I found this article really interesting:
The book (or rather materials) budget has been stagnant at my library since I’ve been working here for the past two years. I definitely have seen the increase in books being published, even just from 2012 to 2013. I feel like I’m reading many more Young Adult book reviews than even and I find it hard to keep up as well as decide what to buy for our collection. It’s getting a little out of hand!
Coffman thinks that we’re doing a disservice to our communities and our library brand by shrinking our book budgets, buying mainly popular titles that people want, and purchasing a high proportion of DVDs. I agree that DVD circulation will probably go down with the popularity of streaming services such as Netflix. (And we all know how scratched-up library DVDs get.) But it’s simply not possible or responsible to add more money to a book budget when there is no space to keep the books or no one interested in reading them. Keeping up a building is expensive. Paying staff is not cheap. Buying and maintaining computer equipment takes a good amount of cash. Books are our brand but we can’t acquire everything.
Another wordpress blogger & author Pat Bertram wrote about publishing statistics issued by Bowker:
300,000 books were published in the U.S. 2003.
411,422 books were published in the U.S. in 2007.
1,052,803 books were published in the U.S. 2009.
Approximately 3,000,000 books were published in the U.S. in 2011.
And . . . drum roll, please . . . in an online interview, Seth Godin suggests that 15,000, 000 books will be published in 2012.
Google estimates that as of August 2010, there were 129,864,880 books in existence. Which means that the total number of books that could be published in 2012 is more than 1/10 of all the books in existence. That is an unfathomable jump, a 500% increase in a single year. (That is correct, right? 3,000,000 times 500% = 15,000,000.) Unbelievable.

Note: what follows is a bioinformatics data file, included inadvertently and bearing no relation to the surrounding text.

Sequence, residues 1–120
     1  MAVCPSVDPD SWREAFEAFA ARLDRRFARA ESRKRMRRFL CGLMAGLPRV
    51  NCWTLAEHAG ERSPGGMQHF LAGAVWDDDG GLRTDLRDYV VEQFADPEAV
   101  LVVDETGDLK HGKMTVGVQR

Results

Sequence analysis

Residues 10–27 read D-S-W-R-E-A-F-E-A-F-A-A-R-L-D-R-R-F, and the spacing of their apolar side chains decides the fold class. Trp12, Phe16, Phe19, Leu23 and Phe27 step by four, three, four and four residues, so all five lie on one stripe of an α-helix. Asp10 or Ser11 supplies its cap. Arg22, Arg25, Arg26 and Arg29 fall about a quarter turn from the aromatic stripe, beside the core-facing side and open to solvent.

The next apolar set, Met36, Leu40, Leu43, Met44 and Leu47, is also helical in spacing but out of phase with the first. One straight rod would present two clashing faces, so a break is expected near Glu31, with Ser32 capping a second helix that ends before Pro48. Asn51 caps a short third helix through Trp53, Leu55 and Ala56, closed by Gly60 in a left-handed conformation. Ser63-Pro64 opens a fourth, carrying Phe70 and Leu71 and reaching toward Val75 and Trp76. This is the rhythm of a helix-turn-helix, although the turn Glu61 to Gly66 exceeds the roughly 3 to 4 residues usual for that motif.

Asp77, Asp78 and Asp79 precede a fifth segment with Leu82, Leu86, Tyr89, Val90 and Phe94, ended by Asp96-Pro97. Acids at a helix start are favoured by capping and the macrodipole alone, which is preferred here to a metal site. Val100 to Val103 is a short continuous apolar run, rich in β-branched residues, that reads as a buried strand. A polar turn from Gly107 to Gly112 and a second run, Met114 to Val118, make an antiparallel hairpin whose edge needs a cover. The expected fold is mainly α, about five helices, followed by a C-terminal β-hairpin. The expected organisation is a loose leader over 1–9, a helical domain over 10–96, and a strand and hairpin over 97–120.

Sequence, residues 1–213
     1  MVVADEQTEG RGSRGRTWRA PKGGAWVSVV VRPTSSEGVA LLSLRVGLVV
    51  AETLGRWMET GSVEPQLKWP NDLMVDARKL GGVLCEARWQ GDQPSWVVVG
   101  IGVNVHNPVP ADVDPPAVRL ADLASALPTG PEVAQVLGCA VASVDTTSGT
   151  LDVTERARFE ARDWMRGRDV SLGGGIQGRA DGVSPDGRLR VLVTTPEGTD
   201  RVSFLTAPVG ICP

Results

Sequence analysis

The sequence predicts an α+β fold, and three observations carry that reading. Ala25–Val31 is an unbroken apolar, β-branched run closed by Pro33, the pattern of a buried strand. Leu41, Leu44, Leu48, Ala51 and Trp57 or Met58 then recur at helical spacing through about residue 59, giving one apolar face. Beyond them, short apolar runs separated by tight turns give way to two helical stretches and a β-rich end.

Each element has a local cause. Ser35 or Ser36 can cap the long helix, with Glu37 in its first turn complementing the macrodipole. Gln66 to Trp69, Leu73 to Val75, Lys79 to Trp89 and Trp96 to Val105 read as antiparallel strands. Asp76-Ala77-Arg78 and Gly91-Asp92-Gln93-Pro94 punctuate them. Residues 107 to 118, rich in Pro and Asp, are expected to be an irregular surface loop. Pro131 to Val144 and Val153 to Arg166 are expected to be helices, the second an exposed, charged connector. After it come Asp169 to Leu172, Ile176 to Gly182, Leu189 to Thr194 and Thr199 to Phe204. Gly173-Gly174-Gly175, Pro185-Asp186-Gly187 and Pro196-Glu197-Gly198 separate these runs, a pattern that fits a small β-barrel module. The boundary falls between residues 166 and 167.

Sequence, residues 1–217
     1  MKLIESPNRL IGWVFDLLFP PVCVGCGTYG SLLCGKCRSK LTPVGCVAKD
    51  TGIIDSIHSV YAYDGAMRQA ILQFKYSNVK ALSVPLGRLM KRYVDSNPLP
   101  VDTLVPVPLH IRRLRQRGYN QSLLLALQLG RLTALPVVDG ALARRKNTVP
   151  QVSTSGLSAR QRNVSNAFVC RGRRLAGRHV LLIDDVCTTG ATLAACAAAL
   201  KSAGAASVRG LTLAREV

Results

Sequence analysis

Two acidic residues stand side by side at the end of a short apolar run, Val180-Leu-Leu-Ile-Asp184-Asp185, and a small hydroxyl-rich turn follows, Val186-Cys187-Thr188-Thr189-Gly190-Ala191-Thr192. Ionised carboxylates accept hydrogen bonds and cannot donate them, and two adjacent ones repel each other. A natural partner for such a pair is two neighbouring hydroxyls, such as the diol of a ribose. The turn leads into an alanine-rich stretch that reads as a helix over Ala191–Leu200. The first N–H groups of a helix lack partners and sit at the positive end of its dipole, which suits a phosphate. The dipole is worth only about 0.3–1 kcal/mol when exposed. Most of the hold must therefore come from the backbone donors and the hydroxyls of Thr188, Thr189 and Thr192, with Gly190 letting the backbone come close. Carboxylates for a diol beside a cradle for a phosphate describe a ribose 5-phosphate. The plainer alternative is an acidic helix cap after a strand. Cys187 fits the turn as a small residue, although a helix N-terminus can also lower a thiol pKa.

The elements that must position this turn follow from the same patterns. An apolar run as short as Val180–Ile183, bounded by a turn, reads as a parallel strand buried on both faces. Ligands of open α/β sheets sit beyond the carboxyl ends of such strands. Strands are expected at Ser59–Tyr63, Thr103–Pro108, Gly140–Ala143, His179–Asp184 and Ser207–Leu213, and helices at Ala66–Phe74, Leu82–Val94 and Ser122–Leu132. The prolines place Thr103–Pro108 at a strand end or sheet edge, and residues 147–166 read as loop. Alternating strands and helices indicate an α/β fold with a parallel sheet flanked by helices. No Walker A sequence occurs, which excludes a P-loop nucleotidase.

My thoughts exactly. Still, the book budget article brings up some interesting points. I just don’t know what the right answer is.
2013 is almost over. It’s been a great year at Abington Free Library. Here’s what I’m most proud of this year.
Teen Book Club
The Teen Advisory Board at the library suggested that we start a book club this year. It’s been pretty popular so far. Every time we host a book club, the first 10 teens to sign up get a free copy of the book. These free copies were purchased with money donated by the Friends of Abington Libraries and I’m so grateful!
February – Thirteen Reasons Why by Jay Asher
April – Divergent by Veronica Roth – Most popular with 22 teens attending!
June – The Name of the Star by Maureen Johnson
August – Everybody Sees the Ants by A.S. King – The author graced us with a visit, answered questions, and signed books. She is a rad lady. You should follow her on twitter: @ AS_King
October – Ender’s Game by Orson Scott Card
We will continue the Teen Book Club in 2014. The first book of the year will be Clockwork Angel by Cassandra Clare.
From the Japanese mascot program on November 4 , 2013 at Abington Free Library
Click on the photo for more!
I know it’s a little late in the year to be posting about last year’s books but I’m gonna do it anyway!
I read several books on YALSA’s Best Fiction for Young Adults list for 2012. Here are the ones I absolutely loved:
- The Diviners by Libba Bray
- Every Day by David Levithan
- Never Fall Down by Patricia McCormick
These books I also liked but didn’t quite blow me away like the first 3 did:
- Croak by Gina Damico (recommended to me by a teen)
- The Butterfly Clues by Kate Ellison
- The Fault in our Stars by John Green
- Chomp by Carl Hiaasen (listened to the audio read by James van der Beek)
- Ask the Passengers by A.S. King
I started these books but never finished (usually because some other book was screaming “Read me NOW!):
- The Miseducation of Cameron Post by Emily M. Danforth
- The Disenchantments by Nina LaCour (would like to try again with this one!)
- Boy21 by Matthew Quick
- The Book of Blood and Shadow by Robin Wasserman (currently reading)
Books on my MUST READ list:
- Seraphina by Rachel Hartman
- The Immortal Rules by Julie Kagawa
- The Brides of Rollock Island by Margo Lanagan
- I Hunt Killers by Barry Lyga
- Cinder by Marissa Meyer
- Code Name Verity by Elizabeth Wein
Wish me luck in getting around to the rest of these books!
This morning, a patron called wanting to know how to protect his identity from being stolen by hackers on the Internet. He mentioned a service that could protect you through the use of one password. I wasn’t aware of a service like that but a quick online search will show you that they do exist. Lifelock is one such website.
But should you have to pay that much to be protected from hackers stealing your identity? I don’t think so. There are free alternatives that anyone can use and everyone should know about. Including me… As a librarian in the digital age, I must know this stuff like the back of my hand. It’s called financial literacy–just another form of literacy that libraries need to actively promote. The Public Library Association agrees.
Here are the best online resources I’ve found on identity theft: